Six-year-old Sophie says she has always known she’s a girl. “I used to be Yoshi,” she says. “But I didn’t like being called Yoshi.” And she didn’t like being called a boy.
Sophie lives with her family in Bellingham, Wash. Her mother, Jena Lopez, says she started seeing the signs before Sophie turned 2.
“She’d say things like, ‘I’m a she, not a he,’ ” Lopez says. “She would cry if we misgendered her. She’d become angry.”
Sophie’s parents didn’t know what to do. They didn’t know if this was just a phase, and they knew the statistics for transgender people are grim. Nearly all the research into transgender mental health shows poorer outcomes. Attempted suicide rates are nine times higher than for people overall, and rates of depression and anxiety are higher, too. But Sophie convinced them. “I proved it,” she says.
There’s very little data on children who have fully socially transitioned, says Kristina Olson, an associate professor of psychology at the University of Washington. Olson got interested in the subject when a friend’s 10-year-old was transitioning from male to female. Olson knew attitudes about transgender people were changing, both in society and in science.
“Forty years ago everyone considered this to be a pathology,” Olson says. It was considered a “gender identity disorder” until 2013, when it was changed to “gender dysphoria” in the fifth addition of the DSM, the diagnostic manual for mental health.
Olson says a lot of research still works under this assumption and is based on children in clinical settings where they’ve often been brought to be treated.
“So I had no idea, based on the literature, what impact my friend’s decision would have on her child’s life,” Olson says.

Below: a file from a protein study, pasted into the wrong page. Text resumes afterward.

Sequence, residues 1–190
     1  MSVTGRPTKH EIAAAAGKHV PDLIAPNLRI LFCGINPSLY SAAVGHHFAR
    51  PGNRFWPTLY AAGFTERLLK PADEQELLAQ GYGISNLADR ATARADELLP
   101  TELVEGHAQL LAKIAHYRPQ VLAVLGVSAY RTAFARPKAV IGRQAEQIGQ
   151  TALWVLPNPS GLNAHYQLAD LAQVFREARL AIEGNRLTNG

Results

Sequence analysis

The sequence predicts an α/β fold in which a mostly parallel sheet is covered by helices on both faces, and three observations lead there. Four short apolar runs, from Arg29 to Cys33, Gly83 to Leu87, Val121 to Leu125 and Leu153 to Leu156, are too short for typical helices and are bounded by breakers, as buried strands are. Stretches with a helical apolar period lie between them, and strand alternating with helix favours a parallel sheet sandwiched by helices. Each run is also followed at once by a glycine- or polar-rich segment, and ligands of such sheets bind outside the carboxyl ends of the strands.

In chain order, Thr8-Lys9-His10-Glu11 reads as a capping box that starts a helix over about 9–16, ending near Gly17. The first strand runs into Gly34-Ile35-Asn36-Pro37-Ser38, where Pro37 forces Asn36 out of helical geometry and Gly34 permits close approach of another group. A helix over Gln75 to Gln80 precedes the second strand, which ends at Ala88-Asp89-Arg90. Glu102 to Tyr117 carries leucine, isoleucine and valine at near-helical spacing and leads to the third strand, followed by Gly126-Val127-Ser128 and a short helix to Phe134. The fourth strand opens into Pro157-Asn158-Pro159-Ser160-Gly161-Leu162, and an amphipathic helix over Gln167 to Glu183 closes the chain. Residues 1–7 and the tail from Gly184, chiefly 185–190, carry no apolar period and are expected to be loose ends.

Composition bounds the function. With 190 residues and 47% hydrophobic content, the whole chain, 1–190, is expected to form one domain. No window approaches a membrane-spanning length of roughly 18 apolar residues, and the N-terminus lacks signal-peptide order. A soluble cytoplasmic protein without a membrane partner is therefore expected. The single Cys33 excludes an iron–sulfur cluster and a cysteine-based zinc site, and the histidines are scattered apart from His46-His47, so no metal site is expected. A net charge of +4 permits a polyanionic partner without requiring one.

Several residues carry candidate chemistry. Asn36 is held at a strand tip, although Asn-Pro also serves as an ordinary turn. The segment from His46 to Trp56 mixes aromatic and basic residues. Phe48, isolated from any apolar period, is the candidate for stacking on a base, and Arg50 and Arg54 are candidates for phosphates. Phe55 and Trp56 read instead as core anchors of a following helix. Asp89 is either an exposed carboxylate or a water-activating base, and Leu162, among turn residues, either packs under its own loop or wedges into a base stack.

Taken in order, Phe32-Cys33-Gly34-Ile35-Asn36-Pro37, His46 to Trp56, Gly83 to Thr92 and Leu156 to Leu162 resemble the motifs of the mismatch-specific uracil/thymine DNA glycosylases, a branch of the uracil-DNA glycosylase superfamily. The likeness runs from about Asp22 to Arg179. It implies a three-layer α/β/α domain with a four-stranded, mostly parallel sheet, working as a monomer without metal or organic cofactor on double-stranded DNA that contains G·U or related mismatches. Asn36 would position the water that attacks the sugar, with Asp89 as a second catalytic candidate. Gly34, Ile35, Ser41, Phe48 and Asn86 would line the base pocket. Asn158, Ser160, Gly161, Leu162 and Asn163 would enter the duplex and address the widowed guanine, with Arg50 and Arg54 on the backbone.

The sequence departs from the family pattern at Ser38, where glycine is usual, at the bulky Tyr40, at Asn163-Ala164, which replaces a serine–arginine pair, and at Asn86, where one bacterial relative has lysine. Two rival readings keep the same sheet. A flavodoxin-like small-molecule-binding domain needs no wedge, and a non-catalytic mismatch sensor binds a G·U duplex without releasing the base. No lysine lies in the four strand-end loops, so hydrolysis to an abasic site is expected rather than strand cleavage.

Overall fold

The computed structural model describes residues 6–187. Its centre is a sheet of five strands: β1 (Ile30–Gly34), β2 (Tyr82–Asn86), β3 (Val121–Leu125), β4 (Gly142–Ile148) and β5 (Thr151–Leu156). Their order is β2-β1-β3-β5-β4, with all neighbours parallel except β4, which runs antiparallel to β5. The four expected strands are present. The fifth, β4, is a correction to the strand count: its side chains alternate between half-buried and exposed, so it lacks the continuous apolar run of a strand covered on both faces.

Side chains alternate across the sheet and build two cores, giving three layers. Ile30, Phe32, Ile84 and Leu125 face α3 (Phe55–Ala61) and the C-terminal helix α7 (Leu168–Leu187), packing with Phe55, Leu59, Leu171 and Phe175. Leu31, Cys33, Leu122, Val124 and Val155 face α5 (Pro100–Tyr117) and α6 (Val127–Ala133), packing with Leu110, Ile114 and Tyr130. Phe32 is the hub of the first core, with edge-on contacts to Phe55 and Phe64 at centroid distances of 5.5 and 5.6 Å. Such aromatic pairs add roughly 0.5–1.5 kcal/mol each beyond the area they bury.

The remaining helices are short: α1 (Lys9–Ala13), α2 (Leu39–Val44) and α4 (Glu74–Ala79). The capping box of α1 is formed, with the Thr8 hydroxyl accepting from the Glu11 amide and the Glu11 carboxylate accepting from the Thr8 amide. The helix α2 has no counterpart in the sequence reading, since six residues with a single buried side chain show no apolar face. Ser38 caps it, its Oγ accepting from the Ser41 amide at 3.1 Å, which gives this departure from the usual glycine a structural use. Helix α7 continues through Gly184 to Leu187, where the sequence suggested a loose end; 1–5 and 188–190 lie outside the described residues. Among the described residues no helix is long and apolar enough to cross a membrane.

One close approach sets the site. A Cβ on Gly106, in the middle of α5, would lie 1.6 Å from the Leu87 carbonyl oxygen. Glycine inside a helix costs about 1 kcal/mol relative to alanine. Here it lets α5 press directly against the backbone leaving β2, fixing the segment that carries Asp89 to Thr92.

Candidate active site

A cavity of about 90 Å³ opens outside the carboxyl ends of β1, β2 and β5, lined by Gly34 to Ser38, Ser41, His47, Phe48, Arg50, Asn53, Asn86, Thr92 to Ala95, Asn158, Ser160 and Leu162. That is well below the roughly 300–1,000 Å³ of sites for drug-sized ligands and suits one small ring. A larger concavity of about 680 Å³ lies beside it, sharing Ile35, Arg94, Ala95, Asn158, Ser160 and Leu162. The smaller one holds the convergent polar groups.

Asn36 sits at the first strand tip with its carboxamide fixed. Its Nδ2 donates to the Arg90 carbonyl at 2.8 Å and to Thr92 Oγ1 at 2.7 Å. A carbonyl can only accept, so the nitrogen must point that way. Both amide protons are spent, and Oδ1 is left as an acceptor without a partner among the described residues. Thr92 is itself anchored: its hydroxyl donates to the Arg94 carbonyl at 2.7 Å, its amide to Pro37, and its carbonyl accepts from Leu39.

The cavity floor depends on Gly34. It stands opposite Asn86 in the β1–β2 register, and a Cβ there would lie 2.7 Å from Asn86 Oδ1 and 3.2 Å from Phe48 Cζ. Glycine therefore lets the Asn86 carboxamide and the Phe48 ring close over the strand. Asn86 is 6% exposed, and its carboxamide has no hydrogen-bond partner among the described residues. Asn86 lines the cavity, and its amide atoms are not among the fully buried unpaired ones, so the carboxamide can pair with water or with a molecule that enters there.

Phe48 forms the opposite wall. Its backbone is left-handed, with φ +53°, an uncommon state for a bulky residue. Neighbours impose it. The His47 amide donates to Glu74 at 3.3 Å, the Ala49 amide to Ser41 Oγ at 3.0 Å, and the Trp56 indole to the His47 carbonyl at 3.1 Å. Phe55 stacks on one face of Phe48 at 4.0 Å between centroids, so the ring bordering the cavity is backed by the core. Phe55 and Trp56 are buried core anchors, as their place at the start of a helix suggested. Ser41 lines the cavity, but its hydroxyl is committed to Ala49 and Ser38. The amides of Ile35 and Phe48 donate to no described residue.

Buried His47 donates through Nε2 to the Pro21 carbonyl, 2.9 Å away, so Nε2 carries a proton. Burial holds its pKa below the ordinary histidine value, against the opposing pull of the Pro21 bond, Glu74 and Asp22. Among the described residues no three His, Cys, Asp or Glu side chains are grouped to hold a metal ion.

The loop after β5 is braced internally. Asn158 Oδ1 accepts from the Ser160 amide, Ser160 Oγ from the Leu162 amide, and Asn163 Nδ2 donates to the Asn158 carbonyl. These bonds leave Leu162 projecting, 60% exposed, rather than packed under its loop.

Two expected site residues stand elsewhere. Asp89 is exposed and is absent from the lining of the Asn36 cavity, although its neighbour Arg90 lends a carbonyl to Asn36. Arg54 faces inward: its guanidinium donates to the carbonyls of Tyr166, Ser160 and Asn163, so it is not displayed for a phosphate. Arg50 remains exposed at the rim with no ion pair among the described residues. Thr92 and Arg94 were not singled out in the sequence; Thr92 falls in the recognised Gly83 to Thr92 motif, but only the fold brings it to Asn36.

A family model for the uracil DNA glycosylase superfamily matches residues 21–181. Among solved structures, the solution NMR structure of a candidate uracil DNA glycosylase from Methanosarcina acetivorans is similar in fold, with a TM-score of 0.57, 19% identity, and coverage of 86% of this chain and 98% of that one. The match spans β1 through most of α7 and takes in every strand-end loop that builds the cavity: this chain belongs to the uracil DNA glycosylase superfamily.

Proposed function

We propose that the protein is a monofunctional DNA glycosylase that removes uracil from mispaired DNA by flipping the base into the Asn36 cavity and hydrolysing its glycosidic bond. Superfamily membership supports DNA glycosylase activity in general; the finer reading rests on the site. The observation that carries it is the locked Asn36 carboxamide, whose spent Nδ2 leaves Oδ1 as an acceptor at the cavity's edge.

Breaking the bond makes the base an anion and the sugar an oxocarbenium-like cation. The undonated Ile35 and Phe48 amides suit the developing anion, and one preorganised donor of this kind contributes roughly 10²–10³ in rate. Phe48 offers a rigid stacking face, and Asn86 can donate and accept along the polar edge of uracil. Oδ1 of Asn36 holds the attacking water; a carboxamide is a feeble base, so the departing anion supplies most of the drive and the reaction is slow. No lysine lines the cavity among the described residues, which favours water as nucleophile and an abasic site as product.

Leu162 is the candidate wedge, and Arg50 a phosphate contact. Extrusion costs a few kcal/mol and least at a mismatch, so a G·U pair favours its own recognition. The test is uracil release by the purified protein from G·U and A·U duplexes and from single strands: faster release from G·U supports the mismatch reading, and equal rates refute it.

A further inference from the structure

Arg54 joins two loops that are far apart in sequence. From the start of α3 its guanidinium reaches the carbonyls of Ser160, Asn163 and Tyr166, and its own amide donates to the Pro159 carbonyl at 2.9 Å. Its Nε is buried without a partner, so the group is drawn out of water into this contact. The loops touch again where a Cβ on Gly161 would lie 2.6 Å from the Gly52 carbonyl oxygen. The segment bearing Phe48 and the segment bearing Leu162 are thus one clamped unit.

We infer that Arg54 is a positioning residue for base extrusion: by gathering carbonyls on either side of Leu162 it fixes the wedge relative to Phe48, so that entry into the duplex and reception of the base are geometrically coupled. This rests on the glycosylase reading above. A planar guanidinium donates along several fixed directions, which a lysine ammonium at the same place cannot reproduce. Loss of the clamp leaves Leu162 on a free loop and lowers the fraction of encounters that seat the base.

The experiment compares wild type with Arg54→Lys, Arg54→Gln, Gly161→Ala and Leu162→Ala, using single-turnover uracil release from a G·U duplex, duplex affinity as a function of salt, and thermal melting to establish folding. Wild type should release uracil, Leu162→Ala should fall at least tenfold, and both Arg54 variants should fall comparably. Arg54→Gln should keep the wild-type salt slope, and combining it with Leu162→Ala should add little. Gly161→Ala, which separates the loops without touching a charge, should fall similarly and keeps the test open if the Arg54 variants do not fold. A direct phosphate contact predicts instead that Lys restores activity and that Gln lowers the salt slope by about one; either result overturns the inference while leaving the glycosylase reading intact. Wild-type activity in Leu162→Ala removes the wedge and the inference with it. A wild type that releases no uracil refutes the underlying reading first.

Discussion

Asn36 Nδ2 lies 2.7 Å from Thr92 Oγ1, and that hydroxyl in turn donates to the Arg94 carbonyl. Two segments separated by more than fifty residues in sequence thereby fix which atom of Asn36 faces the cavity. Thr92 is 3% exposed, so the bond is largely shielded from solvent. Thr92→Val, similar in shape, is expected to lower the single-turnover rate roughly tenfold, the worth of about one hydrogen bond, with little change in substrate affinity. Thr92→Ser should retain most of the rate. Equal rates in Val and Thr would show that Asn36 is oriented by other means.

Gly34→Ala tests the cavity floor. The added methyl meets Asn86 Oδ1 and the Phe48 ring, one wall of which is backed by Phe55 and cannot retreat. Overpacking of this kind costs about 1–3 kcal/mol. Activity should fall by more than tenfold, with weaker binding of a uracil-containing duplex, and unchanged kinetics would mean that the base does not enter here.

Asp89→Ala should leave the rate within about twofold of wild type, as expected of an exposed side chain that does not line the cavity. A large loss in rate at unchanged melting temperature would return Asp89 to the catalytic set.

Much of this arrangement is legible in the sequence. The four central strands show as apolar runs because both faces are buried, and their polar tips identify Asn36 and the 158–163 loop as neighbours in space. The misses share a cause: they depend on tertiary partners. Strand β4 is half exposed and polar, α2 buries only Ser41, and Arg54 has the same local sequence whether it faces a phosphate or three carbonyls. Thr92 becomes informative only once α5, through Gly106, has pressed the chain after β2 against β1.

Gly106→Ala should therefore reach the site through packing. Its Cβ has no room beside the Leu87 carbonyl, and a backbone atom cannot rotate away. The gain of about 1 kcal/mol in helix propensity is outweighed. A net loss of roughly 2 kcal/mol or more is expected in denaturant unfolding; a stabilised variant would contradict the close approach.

That’s especially important, since what research there is paints such a bleak picture. But it’s not clear what’s the cause of mental distress for transgender people. It could be due to internal factors, such as gender dysphoria, the tension resulting from having a gender identity that differs from the one assigned at birth. Or it could be due to external factors, such as discrimination and lack of support. As Tara Haelle reported last month in Shots, researchers are just starting to try to figure that out.
So Olson decided to do her own study looking at families who are supporting their child’s decision to live as a gender different from their biological sex. The study, published in the March issue of Pediatrics, looked at the mental health of 73 transgender children between ages 3 and 12. What it found was strikingly different from other research.
“They had exactly the national average for depression,” says Olson. “They are no more or less depressed. They show a marginal, like, a tiny bit of an increase in anxiety, but nowhere near the rates that previous work has found.”
The study can’t make a direct connection between the healthier outcomes and parental support, but Olson says it shows that the struggles that have been reported by people who transition aren’t inevitable. Olson plans to follow the children to see what happens as they grow older. Adolescence is a time when many mental health problems emerge, and no one knows what will happen with these children over time.
There is a desperate need for research in this field, according to Dr. Aron Janssen, director of the gender and sexuality service at NYU’s Child Study Center. “It’s incredibly refreshing to have this little bit of good news, because I’ve seen in my work a lot of these kids with really positive outcomes. And their stories aren’t often the stories that are told,” Janssen says.
The more common stories are of transgender people who are not supported and face discrimination that can lead to problems at school and at work, as well as poverty and increased risk of substance abuse
The hope is that if Sophie’s gender identity is validated early on, she will be less vulnerable to mental health issues. Her mother says that rings true for her family. “She’s blossomed,” Lopez says.
Sophie says: “I like being a kid.” And she likes “that I get to be Sophie.”